By Jean Huon
French missionaries tried to convert Siamese people since 1550 but without success. One century later, they established some missions, and a Siamese delegation came to France in 1684 and 1686; it was received by King Louis the XIV. Some ambassadors, military councilors, soldiers and Jesuits were sent into the country to curb the British influence. But a revolution at the end of the 17th century put an end to the French presence.
Both countries established new diplomatic relations in 1856. A few years later, the French settled in Indochina, namely in Tourane in 1858, and took control of the Mekong Delta between 1859 and 1867. The King of Cambodia accepted a protectorate of France in 1863, without the agreement of Siam which was holding sway over Cambodia. But this situation was accepted by a peace treaty signed on July 15, 1867.
France extended its colonization of the country by the conquest of the Red River Delta and of Hanoi in 1873. In 1887, the Indochinese Union was created with Tonkin, Annam, Cochinchina and Cambodia. Laos would join later, in 1893.
Few people know that a war happened in Indochina, between France and Thailand in 1940-1941. Tourist guides are silent on the subject, and tours of the city of Bangkok never show the Victory Monument built after the conflict.
The Origins of Conflict
Siam resented the integration of Laos in the Indochinese Union. Many skirmishes happened on the border, and France sent a warship off Bangkok. Without any help from the British, Siam accepted this situation.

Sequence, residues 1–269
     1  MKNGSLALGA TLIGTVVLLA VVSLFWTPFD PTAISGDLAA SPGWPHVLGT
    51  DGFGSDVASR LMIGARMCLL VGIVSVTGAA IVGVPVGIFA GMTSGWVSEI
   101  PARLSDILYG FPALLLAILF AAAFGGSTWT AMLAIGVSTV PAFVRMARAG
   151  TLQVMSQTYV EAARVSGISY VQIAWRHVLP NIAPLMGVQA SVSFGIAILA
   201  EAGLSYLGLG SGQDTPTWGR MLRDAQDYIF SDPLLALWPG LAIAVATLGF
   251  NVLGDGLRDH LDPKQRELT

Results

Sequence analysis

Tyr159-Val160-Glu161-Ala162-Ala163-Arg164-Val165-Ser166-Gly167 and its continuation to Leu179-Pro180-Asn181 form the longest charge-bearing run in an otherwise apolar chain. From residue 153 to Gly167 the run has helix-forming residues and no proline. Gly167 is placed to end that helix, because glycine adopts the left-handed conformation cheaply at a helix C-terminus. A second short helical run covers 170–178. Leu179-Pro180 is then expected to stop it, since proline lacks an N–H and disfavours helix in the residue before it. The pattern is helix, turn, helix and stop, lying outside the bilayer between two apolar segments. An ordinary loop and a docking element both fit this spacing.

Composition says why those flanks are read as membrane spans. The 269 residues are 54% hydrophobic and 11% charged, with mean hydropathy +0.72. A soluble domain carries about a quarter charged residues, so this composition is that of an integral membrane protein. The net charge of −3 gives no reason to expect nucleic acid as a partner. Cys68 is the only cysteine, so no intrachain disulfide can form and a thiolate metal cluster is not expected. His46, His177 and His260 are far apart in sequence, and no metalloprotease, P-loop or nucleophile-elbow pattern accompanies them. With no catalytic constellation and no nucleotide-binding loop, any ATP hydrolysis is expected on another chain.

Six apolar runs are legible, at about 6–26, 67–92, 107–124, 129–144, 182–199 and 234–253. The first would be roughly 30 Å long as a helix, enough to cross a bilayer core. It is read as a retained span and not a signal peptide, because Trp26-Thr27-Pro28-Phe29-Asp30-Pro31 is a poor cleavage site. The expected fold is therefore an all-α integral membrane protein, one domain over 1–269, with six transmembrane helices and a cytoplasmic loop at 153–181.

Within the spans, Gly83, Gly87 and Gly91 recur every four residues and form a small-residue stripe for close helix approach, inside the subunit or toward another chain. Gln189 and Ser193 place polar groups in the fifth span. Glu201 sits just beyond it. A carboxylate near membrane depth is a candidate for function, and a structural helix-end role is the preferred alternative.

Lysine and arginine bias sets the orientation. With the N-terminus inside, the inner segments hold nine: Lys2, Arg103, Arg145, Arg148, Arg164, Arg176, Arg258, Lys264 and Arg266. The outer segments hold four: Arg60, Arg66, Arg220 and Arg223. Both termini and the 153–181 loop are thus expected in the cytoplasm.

New incidents erupted in 1906 and 1907 because of new territorial claims concerning territories in Cambodia and in Laos. After a British mediation, some exchanges of land were made, and the problem was solved by an agreement in 1909.
During WWI, Siam joined the Allies in July 1917, and an expeditionary force of 1,284 volunteers was sent in France. They were mainly assigned to services such as drivers, medical service and ordnance. One hundred of them were trained as aircraft pilots.
After the War and for 20 years, no trouble occurred between France and Siam. In 1932, after a coup d’état, the King was forced to accept a constitutional regime. Lieutenant-Colonel Prajadhipok, also known as Phibun, became the leader of the country. He was a former cadet of the French Military Academy and an admirer of Mussolini. He established a strong, nationalist, authoritarian government. He changed the name of the country of Siam into “Thailand” and claimed the incorporation to Thailand of all Thai people living in Burma and Laos. After discussions with France, a no-aggression agreement was reached and signed on June 12, 1940.
After the disaster of June 1940 and the defeat of France, Thailand expressed again territorial claims. Japan was probably part of this scheme. Japan issued an ultimatum to the French to allow the Japanese Army to march through Tonkin and take the control of the railway between Hanoi and the Chinese border. General Catroux, commanding the French Army in Indochina declined, but he was dismissed by the Vichy French government and replaced by Admiral Decoux.
Decoux reached an agreement on September 22, 1940, with the Japanese. They were allowed to use French air bases and set up 6,000 men on the Northern bank of the Red River. On the same day in the evening, 30,000 Japanese soldiers invaded Indochina. Despite the resistance of the French, 4 days later, the Japanese occupied the country. But strangely, the French administration remained in place.